Athletes and fans should give the Tokyo Olympics a chance


Thomas Cizauskas | Flickr

M’Niyah Lynn

The 2020 Tokyo Olympics were canceled in response to the COVID-19 pandemic. A year later, the Olympics are expected to return on July 23, but many fans, officials and doctors have called for the International Olympic Committee to cancel the event over health and safety concerns.

However, the Games should still go on because there’s a lot of progress and planning that’s already happened and it would be fair to athletes to hold them.

Currently, Japan is battling a fourth wave of infections and a state of emergency is in place in Tokyo. Hospitals have been overwhelmed and shortages of medical staff have made the situation worse. This has nearly 70% of Japan’s population wanting to cancel the Olympics, BBC reported.

“My priority has been to protect the lives and health of the Japanese population …” Japanese Prime Minister Yoshihide Suga said.

The Tokyo Medical Practitioners Association, an organization of about 6,000 doctors, wrote a letter asking for the Games to be canceled and submitted it to Olympics organizers. A petition was also created to demand the cancelation of the Games.

When the 2020 Tokyo Olympics were canceled, there was less information known about COVID-19, there were more restrictions and there were no vaccines, but there have been improvements since then. Now, five vaccines are available to protect people from getting infected.

Also, there has been ample time for the IOC and Tokyo officials to prepare for the Olympics. The IOC expects 80% of athletes to be vaccinated, although vaccines aren’t required, according to NPR.

Organizers even have a playbook that will be finalized soon to outline “a series of countermeasures that they say will ensure the Games can take place in a safe and secure way,” CNN reported.

IOC President Thomas Bach said IOC and Tokyo officials have offered to provide additional medical personnel, too.

Several competitions have been held to qualify athletes for the Olympics. Some of these events include the U.S. Track and Field Olympic Trials, the GK U.S. Classic for gymnastics and the U.S. Olympic Swim Trials.

At these events, athletes within the same sport are finally competing against one another to see if they’ve scored high enough to make it to Tokyo. Because these competitions have already happened, canceling the Olympics would mean that athletes will lose the opportunity to compete for another year.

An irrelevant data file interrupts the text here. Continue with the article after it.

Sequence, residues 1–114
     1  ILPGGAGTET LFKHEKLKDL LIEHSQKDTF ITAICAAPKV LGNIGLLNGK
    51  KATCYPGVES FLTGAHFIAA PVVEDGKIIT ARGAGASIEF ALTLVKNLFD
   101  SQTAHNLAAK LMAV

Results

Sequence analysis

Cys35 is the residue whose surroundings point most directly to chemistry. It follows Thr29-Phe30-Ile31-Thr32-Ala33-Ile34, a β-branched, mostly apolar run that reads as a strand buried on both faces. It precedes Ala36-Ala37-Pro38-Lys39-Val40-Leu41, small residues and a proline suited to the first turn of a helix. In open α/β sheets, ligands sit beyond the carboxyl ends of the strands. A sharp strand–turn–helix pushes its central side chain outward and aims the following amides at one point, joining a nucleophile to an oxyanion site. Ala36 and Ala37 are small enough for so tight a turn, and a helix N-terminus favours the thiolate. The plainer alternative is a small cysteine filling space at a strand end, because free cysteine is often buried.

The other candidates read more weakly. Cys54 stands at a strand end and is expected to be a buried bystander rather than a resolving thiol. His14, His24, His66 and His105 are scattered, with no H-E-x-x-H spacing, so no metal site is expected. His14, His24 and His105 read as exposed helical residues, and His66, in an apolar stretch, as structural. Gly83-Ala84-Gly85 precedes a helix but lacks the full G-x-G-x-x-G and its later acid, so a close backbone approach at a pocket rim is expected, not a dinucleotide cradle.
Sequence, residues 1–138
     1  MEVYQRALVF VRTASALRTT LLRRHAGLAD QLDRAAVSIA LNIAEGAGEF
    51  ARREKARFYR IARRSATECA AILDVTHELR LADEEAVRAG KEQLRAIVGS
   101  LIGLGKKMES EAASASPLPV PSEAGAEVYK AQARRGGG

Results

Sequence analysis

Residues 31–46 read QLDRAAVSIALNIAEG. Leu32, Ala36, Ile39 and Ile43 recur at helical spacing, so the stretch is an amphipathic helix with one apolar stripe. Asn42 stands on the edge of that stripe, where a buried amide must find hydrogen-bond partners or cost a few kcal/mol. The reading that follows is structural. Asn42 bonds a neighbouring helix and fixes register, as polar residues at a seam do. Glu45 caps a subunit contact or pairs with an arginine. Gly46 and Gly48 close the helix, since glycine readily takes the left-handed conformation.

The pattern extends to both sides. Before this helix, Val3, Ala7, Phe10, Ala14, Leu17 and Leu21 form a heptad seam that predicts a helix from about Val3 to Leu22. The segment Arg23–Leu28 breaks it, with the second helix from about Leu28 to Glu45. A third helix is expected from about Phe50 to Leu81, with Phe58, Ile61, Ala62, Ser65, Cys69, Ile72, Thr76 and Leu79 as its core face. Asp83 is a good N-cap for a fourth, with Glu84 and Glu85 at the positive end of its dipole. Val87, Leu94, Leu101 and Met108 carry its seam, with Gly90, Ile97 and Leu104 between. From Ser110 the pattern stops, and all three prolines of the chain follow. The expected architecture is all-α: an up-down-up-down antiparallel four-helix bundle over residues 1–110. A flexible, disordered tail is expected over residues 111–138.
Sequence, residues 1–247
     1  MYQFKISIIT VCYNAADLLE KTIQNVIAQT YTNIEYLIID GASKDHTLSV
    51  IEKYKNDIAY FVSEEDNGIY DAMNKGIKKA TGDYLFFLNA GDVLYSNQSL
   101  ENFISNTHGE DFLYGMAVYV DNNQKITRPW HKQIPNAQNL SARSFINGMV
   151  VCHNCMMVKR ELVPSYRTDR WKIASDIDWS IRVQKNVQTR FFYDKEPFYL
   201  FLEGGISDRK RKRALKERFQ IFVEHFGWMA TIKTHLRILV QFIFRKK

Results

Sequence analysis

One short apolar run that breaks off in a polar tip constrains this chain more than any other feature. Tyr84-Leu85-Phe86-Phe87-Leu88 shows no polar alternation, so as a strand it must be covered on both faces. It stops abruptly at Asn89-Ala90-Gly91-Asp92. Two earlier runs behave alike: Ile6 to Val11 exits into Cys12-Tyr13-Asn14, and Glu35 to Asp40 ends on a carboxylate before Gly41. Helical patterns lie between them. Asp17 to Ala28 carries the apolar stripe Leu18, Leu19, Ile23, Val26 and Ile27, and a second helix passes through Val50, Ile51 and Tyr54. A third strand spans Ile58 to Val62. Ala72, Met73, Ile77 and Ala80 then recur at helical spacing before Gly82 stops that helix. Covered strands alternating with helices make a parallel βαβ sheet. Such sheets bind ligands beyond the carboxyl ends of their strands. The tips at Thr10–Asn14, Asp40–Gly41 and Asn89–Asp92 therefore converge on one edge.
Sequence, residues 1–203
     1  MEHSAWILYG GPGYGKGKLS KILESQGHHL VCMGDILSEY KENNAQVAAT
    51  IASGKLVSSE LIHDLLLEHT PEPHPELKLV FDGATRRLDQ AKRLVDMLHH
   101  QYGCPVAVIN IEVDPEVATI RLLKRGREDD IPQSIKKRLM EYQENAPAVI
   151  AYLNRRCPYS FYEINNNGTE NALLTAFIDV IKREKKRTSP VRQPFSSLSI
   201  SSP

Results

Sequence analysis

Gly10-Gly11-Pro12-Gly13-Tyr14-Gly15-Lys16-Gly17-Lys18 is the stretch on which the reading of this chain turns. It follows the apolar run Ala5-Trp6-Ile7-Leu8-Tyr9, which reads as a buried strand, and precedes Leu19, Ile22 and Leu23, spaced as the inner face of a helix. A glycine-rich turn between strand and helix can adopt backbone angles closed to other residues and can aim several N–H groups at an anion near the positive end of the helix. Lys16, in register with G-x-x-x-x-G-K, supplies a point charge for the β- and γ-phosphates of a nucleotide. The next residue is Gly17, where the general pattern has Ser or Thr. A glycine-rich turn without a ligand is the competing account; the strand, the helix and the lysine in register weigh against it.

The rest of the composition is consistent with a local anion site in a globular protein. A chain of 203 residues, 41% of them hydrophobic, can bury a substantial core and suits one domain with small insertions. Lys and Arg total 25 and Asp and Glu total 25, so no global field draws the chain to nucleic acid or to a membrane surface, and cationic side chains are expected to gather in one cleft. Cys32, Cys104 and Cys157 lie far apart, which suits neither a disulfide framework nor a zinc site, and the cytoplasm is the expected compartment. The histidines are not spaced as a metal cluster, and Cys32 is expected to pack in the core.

Canceling the Games would be to “discard a generation of athletes who have spent over half their young lives in pursuit of this one moment,” World Athletics President Seb Coe said, according to CNN.

Athletes have also been using this extra year to improve their skills and push themselves. This means that athletes will have delayed relaxation because they’ll essentially be forced to keep training to compete in 2022 since they don’t want to slack and risk their chance to give their best performances.

“[Athletes] have channeled the frustration of forced shutdowns into opportunity, and that they feel refreshed by increased rest, less exhaustive travel, enhanced focus on training, healed injuries, creative improvisation and a less stressful perspective about sport,” The New York Times reported.

Regardless of crowds, some sports like basketball and hockey have returned, so it’s unfair to cancel the Olympics because it would be stopping some athletes from competing, while non- Olympic athletes can play.

Because the Olympics traditionally occur every four years, athletes may pass their peak ages, which may make it challenging for them to compete.

For instance, Simone Biles, arguably the greatest gymnast alive, said that despite her many medals, she gets teased by her younger peers because she is 24 years old, according to Insider.

“They have less years than me, so I feel like they’re a little bit fresher,” she said, “They can recover quicker.”

There’s a chance that Biles would have retired already if the Olympics had not been postponed.

With vaccinations being one of the primary concerns over canceling the Olympics, businesses have stepped in. SoftBank, Rakuten and Sony Corp. are among some of the companies that have worked to speed up the vaccine rollout in Japan. Only about 5% of the population has been vaccinated.

A solution to Japan’s problem could be to limit crowd size, impose mask-wearing and implement social distancing measures, which could be fine since the majority of spectators watch the Olympics on TV.

Overall, the Olympics would cost Japan and the IOC billions if they were to cancel and disappoint both fans and athletes.